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Lessons for CleanTech Entrepreneurs: Raychem CEO Paul Cook (Part 4)

Posted on Monday, Aug 13th 2007

Now that we have a bit of background about Raychem’s history, we can begin the conversation with Paul on the philosophy and mechanics of building the company, and what we can learn from it.

SM: To get started, I would like to ask you to share some thoughts about your philosophy, and perhaps give some examples from the Raychem story. PC: You heard my talk at the Raychem 50th Anniversary. The main principles that I believe in as one way to succeed in business are as follows: First pick a technology niche that you can be the leader of, that others haven’t done before and that you can master. Then develop products based on that technology that will enable high prices relative to cost yielding a good gross profit. This will then allow you to continue to spend on additional product development as well as investing in sales and marketing necessary for new innovative products.

SM: How do you determine applications and products when you are working with a core technology? In the valley I see people who are technologist who cannot think through the application. They come up with solutions and then go looking for the problems. PC: You have to have a market pull. There has to be a market out there that wants your product.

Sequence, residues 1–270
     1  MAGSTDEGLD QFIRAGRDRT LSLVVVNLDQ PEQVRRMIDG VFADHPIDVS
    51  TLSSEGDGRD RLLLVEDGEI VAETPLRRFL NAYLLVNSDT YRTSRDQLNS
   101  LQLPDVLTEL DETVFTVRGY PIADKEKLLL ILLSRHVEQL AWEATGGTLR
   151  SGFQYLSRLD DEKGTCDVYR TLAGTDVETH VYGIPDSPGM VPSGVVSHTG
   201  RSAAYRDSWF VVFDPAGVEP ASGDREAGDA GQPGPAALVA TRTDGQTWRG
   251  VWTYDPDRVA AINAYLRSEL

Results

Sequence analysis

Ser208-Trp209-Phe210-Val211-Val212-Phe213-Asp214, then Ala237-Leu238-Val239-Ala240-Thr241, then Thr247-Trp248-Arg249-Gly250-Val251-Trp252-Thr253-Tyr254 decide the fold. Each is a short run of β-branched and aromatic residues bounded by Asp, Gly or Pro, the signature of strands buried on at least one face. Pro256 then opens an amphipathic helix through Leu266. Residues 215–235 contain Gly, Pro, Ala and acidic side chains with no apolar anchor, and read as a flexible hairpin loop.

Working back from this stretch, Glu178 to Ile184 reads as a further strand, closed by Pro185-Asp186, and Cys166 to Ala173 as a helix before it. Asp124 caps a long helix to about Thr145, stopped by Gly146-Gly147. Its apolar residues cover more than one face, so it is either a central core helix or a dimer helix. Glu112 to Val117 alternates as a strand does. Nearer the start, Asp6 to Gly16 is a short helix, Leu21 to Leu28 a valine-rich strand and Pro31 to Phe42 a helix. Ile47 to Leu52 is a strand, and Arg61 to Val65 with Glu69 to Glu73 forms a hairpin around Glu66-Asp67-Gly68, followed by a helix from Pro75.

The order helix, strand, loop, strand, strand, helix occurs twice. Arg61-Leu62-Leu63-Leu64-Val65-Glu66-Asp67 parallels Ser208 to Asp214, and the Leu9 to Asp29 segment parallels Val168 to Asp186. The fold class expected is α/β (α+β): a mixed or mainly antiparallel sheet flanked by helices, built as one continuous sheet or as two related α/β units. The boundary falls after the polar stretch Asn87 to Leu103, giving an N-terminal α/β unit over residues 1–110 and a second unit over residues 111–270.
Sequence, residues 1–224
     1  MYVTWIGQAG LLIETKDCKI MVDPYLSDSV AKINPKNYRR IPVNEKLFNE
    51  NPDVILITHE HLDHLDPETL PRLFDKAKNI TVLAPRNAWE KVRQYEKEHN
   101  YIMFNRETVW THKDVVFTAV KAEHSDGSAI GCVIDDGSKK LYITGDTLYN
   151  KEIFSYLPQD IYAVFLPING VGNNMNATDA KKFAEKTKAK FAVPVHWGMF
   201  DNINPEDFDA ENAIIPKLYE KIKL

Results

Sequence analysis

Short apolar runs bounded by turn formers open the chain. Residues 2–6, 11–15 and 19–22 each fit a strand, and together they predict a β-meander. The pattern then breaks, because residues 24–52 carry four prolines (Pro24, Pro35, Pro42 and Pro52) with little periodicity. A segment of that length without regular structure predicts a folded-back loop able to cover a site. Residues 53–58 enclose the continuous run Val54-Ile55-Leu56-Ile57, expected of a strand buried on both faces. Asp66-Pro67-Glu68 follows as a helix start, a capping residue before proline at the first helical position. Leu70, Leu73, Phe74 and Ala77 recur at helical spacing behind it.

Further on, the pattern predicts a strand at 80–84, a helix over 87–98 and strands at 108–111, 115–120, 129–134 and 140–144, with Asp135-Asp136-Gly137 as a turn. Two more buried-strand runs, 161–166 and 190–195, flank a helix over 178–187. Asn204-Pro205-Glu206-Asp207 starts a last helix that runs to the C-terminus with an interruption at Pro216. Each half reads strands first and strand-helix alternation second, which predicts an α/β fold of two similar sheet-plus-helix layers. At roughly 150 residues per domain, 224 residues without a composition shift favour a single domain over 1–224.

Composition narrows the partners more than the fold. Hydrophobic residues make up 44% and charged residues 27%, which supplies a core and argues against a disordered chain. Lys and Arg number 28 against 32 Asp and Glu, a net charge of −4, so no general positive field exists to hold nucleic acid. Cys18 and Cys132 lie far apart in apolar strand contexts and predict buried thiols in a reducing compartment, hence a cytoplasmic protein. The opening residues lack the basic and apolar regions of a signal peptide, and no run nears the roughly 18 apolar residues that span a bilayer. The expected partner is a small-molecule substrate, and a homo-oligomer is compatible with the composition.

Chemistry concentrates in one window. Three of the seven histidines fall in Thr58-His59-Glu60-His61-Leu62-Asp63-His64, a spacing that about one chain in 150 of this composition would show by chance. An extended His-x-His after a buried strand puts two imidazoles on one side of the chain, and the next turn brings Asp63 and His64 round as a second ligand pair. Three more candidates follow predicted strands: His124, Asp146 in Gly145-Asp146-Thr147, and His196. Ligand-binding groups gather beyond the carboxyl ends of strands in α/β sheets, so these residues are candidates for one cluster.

You sent me the story of the desalinization company that took 21 years to succeed. They took that long to solve the technical problem and through remarkable tenacity finally found an economic solution. The market pull was always there but they didn’t have a technical solution.

When I started Raychem, and we went into radiation chemistry, something I worked on here at, I selected as the first products wire and cable for aircrafts. By reducing the weight of wire it would reduce the weight of the airplane, which was worth something like $1,000 per pound saved for each airplane. If we could cut the weight of a cable by 3 lbs per 1,000 feet, and there were 50,000 feet in an airplane, that is a 150 lb saving and that was worth to them $150,000 per plane. That is a huge amount of money. That meant the price we could charge for the product was high because it was so valuable to them.

(to be continued )

[Part 1]
[Part 2]
[Part 3]

This segment is part 4 in the series : Lessons for CleanTech Entrepreneurs: Raychem CEO Paul Cook
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a bay area native and x qc employee of raychem this story inspired me in the 80 s and continue to inspire me today.

ronald k royal Thursday, October 28, 2010 at 4:27 PM PT